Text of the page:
Why Popular Breeds Don’t Win Westminster


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For the fifteenth time, a wire fox terrier took the title of Best in Show at the Westminster Kennel Club Dog Show. Seven-year-old King was a heavy favorite, having been the top-ranked terrier in 2018. The Wire Fox Terrier is also the winningest breed in Westminster history and terriers are the best-performing group, having earned best in show 47 times.

 

These impressive statistics didn’t stop both audience members and dog lovers nationwide from questioning King’s victory, though. There were reports of boos and muted applause when King was announced as the winner at Madison Square Garden, since a Sussex Spaniel named Bean was a crowd favorite. The next day, newscasters across the country poked fun at King’s expense, their reactions compiled in a segment on HBO’s “Last Week Tonight” show. Many said King looked ridiculous due to the tufted fur around his mouth, his “puffy legs” and “snobby” appearance. Several also said the Wire Fox Terrier wasn’t their “favorite breed.”

 

Popular American dog breeds haven’t had much success at Westminster. According to the American Kennel Club, the top five most popular breeds in the U.S. are Labrador Retrievers, German Shepherds, Golden Retrievers, French Bulldogs and Bulldogs. Out of these five breeds, only German Shepherds and Bulldogs have won a best-in-show title, and together these breeds have won just four times.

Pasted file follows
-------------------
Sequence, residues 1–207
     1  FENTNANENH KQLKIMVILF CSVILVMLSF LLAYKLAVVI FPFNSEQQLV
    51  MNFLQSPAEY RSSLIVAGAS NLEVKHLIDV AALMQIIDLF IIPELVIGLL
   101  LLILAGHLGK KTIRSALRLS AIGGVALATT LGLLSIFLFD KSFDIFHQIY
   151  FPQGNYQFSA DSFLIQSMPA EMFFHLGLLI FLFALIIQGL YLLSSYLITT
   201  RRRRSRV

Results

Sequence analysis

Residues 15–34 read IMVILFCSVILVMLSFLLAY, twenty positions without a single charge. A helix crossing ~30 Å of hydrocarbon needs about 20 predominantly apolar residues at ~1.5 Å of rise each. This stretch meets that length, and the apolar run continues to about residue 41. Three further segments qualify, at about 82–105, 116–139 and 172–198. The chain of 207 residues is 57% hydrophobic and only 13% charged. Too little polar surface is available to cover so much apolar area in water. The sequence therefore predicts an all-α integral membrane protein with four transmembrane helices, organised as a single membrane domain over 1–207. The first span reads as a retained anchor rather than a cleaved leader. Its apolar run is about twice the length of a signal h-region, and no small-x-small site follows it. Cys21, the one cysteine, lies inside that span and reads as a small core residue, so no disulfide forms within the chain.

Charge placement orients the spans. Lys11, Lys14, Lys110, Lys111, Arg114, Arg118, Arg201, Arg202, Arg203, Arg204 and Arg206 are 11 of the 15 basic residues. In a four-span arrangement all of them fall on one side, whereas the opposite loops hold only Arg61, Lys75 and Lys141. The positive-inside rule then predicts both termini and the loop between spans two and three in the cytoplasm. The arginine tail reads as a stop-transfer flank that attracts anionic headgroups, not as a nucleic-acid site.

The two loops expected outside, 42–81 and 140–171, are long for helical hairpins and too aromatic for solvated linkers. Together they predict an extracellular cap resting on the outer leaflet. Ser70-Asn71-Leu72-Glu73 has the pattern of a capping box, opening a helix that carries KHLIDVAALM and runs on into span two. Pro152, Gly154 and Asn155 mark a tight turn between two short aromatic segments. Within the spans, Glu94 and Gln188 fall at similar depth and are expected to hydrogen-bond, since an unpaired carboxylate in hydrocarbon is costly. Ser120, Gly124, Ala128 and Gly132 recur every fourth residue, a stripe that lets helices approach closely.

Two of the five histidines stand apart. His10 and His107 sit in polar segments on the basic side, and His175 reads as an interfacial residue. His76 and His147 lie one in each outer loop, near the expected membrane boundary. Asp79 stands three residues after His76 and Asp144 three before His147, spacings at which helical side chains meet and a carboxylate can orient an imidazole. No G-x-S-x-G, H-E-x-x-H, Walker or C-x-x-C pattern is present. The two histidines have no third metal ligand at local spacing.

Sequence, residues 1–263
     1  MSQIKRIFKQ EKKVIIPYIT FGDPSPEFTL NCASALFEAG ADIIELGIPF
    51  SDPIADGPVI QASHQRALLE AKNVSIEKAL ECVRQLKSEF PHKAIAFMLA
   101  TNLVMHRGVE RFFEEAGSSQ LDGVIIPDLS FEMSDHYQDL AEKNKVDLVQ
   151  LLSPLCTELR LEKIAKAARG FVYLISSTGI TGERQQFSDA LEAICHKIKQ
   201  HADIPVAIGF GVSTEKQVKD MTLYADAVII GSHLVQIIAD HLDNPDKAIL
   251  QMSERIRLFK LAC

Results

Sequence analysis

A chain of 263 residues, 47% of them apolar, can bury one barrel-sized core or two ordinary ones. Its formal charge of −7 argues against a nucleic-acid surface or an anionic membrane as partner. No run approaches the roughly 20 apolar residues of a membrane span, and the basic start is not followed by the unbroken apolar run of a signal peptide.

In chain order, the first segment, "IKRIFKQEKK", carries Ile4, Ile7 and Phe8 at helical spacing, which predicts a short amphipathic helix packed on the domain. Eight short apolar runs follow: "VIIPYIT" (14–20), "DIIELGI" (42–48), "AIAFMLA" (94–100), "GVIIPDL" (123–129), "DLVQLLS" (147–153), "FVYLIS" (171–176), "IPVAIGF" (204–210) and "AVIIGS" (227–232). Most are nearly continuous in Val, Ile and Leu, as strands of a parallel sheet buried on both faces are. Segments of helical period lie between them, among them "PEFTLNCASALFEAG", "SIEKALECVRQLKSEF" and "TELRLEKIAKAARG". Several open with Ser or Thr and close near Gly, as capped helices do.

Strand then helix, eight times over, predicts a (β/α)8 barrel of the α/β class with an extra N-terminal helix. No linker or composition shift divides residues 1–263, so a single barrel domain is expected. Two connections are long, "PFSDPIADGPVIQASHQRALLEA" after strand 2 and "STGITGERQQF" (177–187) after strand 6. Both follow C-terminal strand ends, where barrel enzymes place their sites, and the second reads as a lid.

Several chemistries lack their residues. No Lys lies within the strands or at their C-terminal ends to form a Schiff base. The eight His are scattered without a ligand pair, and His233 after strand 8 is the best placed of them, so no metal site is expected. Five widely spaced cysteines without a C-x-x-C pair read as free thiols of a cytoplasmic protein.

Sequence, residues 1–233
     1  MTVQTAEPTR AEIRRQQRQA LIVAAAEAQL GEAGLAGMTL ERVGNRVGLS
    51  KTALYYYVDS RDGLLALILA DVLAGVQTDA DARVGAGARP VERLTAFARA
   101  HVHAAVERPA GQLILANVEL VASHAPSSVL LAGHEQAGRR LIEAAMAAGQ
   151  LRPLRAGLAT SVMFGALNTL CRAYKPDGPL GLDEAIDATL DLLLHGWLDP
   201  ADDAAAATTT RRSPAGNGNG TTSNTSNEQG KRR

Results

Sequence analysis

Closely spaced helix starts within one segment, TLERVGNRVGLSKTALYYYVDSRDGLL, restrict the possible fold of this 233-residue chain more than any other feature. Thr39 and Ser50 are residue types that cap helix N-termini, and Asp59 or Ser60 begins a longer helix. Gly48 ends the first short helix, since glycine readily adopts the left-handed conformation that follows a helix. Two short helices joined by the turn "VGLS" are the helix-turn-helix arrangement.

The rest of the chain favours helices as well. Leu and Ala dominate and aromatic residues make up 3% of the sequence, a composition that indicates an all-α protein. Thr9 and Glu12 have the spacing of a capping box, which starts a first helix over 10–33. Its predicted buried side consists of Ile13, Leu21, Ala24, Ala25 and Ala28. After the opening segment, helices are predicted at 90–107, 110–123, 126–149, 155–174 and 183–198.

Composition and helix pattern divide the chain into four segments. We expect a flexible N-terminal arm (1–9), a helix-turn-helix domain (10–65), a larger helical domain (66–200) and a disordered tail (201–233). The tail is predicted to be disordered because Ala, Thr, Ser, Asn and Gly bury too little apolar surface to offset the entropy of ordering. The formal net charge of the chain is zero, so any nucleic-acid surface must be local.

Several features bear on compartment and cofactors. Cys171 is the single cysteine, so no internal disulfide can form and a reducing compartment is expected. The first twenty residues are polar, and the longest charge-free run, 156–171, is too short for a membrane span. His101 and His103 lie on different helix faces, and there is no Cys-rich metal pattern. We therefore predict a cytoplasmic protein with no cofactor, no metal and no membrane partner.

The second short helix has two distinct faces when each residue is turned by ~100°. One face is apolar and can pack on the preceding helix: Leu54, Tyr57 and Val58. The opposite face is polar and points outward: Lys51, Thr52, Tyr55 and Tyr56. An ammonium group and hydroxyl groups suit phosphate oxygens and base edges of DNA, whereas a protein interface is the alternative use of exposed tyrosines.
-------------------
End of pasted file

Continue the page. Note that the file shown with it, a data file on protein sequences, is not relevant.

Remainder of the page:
The reason for this lack of success resides in how the dogs are judged at Westminster. Since the judging involves the dogs circling the show ring, it can be harder for short-legged and stockier breeds like Bulldogs to match the graceful, elegant strides of breeds with longer legs.

 

Judges also use a breed standard to assess a dog’s appearance. Since retrievers and German Shepherds are so popular, there are many of them in the U.S. and this makes it more difficult to develop a set breed standard. For example, retrievers have a particularly wide gene pool that makes for great variation in terms of coat color and consistency, so this makes it more difficult for judges to assess them.

 

There may be hope yet that popular breeds will gain greater success at Westminster. In 2017, Rumor the German Shepherd took best in show. For now, retrievers will just have to remain underdogs.  

 

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